Klippel-Feil syndrome


What is Klippel-Feil syndrome?

Klippel-Feil syndrome (KFS) is a rare medical condition in which at least two of the seven neck bones in the upper spine (cervical vertebrae) are fused together. Other key features of KFS include a short neck, limited neck movement, and a low hairline on the back of the head. Having said this, the specific health problems present in KFS often are different from one individual to another and all of the symptoms may not occur in one person. KFS is a whole body (systemic) condition, accordingly, people living with KFS often have other medical issues. These issues may include; differences in kidney, uterine, and heart formation, chronic nerve and musculoskeletal pain, head pain (both headaches and musculoskeletal),painful involuntary tensing of the neck muscles (cervical dystonia), webbing between fingers and toes (syndactyly), and other bony changes such as missing or fused ribs, cervical ribs, unusually formed bones throughout the body including in the head, face, legs, knees, arms, shoulder blades at different levels (Sprengel's deformity), and multiple spinal changes. Changes in the spine may include; abnormal spinal curvature (scoliosis), narrowing of the spinal canal (spinal stenosis), and the inability of the spinal column (vertebrae) to maintain its standard shape and function during daily activities due extra flexibility at unfused levels of the spine (hypermobility) and the unusual load or weight on it, or abnormal movement of vertebrae (vertebral instability).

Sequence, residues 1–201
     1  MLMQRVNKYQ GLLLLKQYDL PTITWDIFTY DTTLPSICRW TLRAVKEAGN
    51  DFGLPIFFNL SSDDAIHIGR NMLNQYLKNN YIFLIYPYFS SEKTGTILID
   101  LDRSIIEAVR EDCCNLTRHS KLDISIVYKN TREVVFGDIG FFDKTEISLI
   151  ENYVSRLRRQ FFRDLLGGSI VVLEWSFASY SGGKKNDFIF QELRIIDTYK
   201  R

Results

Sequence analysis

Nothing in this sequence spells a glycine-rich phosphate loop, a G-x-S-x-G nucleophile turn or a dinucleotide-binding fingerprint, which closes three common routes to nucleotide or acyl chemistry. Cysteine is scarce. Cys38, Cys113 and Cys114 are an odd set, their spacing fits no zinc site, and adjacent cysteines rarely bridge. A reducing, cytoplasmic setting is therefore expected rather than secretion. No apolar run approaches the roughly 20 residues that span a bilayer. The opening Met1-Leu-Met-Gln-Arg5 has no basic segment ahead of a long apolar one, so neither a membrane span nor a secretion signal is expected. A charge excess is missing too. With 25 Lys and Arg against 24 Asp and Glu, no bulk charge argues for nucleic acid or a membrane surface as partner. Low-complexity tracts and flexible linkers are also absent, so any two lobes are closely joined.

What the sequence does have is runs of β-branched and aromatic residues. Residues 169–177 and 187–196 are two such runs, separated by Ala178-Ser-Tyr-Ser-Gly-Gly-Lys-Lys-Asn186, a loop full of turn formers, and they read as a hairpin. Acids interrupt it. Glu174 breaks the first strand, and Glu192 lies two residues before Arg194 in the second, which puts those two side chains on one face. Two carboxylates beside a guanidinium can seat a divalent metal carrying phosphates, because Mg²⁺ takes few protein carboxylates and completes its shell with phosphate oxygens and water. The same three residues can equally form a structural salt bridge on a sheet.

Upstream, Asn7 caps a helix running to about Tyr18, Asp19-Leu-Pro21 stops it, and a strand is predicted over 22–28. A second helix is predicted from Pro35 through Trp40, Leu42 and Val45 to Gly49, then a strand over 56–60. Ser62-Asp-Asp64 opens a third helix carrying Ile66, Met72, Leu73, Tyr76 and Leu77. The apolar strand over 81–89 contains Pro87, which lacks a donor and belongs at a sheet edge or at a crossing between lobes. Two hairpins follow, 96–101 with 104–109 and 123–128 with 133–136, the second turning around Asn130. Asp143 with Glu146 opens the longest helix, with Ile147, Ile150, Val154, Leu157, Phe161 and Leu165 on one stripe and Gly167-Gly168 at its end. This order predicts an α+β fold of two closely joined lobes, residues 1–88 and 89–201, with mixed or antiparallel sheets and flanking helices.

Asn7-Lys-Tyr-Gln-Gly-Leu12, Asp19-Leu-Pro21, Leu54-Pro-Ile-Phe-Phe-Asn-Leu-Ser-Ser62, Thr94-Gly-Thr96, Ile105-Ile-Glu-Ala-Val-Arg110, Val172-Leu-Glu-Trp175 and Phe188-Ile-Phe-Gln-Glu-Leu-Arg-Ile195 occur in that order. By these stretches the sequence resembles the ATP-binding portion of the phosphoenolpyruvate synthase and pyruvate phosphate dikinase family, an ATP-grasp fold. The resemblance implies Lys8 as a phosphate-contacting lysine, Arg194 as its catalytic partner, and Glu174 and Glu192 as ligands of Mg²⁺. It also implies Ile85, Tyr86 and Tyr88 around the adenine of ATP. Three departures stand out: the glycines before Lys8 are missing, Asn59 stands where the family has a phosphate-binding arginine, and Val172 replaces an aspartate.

KFS can be caused by a new gene change, a gene change inherited from one or both parents, or as a bone formation issue that does not run in the family. Doctors have grouped KFS into different forms based on symptoms and pattern of inheritance (or not); however, some individuals with KFS don't fit exactly into one of the groups.

SOURCE: Emory University - Department of Human Genetics in collaboration with ThinkGenetic • https://www.thinkgenetic.com/diseases/klippel-feil-syndrome-109938/overview/66919 • DATE UPDATED: 2019-07-26


This content comes from a hidden element on this page.

The inline option preserves bound JavaScript events and changes, and it puts the content back where it came from when it is closed.

Remember Me